As we look back at childhood, we recall moments we memorize. We continue to see people, places and experiences that define how we view the world. And, years later, through a present-day lens, we try to remember those times that shape our lives, because we never know where those memories may take us.

In the touching film Lion, we first meet Saroo as a charming five-year-old in command of his immediate world in rural India. While he may live without comfort, he is surrounded by the love of an older brother he treasures and a mother he adores. By day, he and his brother explore their terrain with the swagger of two people on the search for treasure; by night he returns to the surroundings he calls home knowing the people he loves will be there in the morning.

But one night Saroo’s life will dramatically change. After his mother leaves for the evening, he begs to tag along as his brother searches for adventure. When the boys get separated, and Saroo wanders onto an empty train, a journey begins that will redefine his future. Suddenly Saroo is alone in a world he doesn’t understand. Only later, after surviving the streets of Calcutta, does he get the second chance that any child deserves, when he is adopted by a couple from Australia.

Director Garth Davis could have ended his film here with a heartfelt resolution. But there is more to this true story as the director fast-forwards a couple of decades to rediscover a grown Saroo who suddenly finds himself curious about his past. While the young man may have memorized moments from years gone by, he wonders if he could possibly solve the puzzle to find his family. With the help of Google Earth, Saroo begins an online journey he hopes will lead to an in-person miracle.

What makes Lion work so well is the distinctive style Davis gives each segment. Because the early moments of the film live in memory, the director stages images connected with limited dialogue. Then when the film shifts forward – and Saroo begins to search – the director begins to use a conventional narrative filled with traditional dialogue. This balance gives the film energy as the young man searches through his memory to find the clues to the past. As Saroo hopes the combination of memory and technology can help show him the way home, Davis gives us a movie to cherish.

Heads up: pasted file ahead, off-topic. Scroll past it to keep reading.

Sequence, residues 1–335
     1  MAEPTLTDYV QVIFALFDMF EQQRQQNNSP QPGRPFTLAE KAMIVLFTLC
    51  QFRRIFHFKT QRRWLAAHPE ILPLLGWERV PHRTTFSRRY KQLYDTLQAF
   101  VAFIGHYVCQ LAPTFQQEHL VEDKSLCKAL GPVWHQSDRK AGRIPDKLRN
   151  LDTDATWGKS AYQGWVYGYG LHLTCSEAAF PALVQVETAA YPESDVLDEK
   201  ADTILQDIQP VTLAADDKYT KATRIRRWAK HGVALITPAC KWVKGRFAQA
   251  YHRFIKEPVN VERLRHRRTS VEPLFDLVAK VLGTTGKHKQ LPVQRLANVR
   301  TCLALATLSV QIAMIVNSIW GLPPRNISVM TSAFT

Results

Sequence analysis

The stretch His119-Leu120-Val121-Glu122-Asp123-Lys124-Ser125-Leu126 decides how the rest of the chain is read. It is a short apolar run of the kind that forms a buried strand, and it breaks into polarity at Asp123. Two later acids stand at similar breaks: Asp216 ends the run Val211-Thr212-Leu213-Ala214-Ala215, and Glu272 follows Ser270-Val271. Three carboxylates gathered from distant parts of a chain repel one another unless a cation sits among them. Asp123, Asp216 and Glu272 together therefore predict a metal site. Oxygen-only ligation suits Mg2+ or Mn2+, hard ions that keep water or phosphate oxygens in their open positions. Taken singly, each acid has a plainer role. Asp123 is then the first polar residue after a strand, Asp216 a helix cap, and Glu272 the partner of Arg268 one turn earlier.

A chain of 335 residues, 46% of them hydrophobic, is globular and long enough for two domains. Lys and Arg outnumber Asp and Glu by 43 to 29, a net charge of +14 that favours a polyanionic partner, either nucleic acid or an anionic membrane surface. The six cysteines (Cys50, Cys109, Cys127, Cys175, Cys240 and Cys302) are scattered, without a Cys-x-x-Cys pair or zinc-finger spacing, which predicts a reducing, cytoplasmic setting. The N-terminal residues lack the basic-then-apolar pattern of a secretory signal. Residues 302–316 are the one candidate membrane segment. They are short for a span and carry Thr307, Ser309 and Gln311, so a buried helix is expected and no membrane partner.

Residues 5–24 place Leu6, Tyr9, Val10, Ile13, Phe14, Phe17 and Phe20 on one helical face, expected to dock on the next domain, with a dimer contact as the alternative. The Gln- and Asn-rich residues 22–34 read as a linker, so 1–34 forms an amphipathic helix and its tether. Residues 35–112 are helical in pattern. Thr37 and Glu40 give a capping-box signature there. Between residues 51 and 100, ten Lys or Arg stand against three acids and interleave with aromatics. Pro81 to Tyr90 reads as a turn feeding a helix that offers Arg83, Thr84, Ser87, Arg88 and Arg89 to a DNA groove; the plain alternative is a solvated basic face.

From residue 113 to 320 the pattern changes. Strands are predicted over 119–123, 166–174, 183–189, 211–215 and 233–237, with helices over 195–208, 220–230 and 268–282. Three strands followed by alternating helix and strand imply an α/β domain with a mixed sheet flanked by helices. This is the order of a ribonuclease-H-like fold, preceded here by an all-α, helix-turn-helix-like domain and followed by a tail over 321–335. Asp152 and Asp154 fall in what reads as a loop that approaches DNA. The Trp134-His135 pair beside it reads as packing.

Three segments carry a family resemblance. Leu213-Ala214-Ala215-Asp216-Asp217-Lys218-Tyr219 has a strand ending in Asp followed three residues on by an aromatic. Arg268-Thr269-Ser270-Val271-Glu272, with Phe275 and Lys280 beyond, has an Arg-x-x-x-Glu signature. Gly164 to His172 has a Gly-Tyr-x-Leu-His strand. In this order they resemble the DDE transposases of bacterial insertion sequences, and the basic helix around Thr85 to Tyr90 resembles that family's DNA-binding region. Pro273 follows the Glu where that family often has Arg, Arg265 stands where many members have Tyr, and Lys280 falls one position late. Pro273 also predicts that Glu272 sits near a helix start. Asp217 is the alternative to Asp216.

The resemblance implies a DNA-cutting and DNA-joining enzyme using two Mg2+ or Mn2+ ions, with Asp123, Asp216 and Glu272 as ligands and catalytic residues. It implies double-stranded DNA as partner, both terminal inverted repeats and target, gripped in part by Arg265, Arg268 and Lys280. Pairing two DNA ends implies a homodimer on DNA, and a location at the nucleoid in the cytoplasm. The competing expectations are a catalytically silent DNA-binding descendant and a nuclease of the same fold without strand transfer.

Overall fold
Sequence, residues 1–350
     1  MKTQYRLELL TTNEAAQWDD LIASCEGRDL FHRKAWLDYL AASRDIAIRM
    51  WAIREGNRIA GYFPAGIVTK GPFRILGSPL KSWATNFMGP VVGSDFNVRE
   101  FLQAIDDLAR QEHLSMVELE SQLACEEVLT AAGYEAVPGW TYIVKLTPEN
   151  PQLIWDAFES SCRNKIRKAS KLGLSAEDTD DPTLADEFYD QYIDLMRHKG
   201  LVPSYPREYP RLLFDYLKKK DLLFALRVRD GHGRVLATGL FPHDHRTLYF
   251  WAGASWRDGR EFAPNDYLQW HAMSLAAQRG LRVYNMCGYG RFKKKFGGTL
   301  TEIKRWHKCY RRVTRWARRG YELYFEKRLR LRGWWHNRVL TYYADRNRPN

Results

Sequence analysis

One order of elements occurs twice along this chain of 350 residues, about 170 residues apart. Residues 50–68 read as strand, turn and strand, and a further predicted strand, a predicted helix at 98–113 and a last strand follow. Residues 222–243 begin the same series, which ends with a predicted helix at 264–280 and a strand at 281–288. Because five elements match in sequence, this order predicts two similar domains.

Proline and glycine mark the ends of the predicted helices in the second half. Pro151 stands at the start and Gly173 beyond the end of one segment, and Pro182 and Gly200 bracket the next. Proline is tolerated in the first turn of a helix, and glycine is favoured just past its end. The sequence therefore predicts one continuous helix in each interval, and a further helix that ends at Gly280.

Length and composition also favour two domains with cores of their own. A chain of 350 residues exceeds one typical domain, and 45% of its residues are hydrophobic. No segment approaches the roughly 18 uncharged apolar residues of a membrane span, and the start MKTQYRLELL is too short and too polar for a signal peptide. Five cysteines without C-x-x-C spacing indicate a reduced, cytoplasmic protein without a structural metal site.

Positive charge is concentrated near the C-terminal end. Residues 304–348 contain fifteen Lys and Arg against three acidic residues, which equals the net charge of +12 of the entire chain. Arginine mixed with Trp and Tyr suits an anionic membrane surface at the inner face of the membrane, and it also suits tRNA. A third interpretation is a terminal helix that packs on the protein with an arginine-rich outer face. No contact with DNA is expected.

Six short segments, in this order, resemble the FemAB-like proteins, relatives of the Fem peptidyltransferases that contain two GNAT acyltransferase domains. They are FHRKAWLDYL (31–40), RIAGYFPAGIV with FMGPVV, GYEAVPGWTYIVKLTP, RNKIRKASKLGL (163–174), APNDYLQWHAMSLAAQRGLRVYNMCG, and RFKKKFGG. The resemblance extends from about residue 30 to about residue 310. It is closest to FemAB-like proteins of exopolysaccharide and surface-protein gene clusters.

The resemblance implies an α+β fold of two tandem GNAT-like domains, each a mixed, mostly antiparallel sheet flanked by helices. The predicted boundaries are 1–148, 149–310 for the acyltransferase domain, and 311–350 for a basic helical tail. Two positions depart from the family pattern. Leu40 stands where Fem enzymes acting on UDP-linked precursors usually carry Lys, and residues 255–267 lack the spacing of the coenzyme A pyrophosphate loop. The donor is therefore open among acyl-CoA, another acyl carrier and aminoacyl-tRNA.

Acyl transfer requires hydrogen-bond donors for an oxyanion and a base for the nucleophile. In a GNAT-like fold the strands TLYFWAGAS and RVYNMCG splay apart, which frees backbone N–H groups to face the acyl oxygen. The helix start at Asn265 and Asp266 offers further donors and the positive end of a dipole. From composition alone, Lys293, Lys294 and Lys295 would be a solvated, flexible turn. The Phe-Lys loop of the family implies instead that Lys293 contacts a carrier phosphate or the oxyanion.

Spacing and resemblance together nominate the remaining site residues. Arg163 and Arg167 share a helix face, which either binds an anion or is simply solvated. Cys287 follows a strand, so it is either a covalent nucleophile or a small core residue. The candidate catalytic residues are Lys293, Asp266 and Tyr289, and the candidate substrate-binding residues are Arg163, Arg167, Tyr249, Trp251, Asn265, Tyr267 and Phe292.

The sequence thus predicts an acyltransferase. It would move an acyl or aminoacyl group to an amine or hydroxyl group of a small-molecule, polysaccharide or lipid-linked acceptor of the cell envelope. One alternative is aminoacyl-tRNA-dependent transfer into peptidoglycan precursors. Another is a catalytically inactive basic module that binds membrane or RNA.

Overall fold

The performances help, too. Dev Patel brings an intense seriousness to his portrayal of the older Saroo that differs from his earlier work in Slumdog Millionaire and The Best Exotic Marigold Hotel. Rooney Mara, strong last year in Carlo, registers as a friend who supports his journey while Nicole Kidman touches the heart as a mother who teaches her son how to love. Kidman’s spontaneous performance bridges the two sections of the film with power and stability.

Like the best of movies about families, Lion reminds us what the people closest to us can mean. At this time of year, as we look for ways to let people know we care, sharing a film with such a strong message can create special memories with those we love.


  • Content: High. Director Garth Davis creates a meaningful journey as a young man searches for his home.
  • Entertainment: High. What a welcome relief to absorb such a thoughtful, meaningful film after a year filled with superficial entertainments.
  • Message: High. While entertaining, Lion also offers a lot to think about as we look at relationships that matter in our lives.
  • Relevance: High. Any opportunity to talk with older children about the meaning of family is time well spent.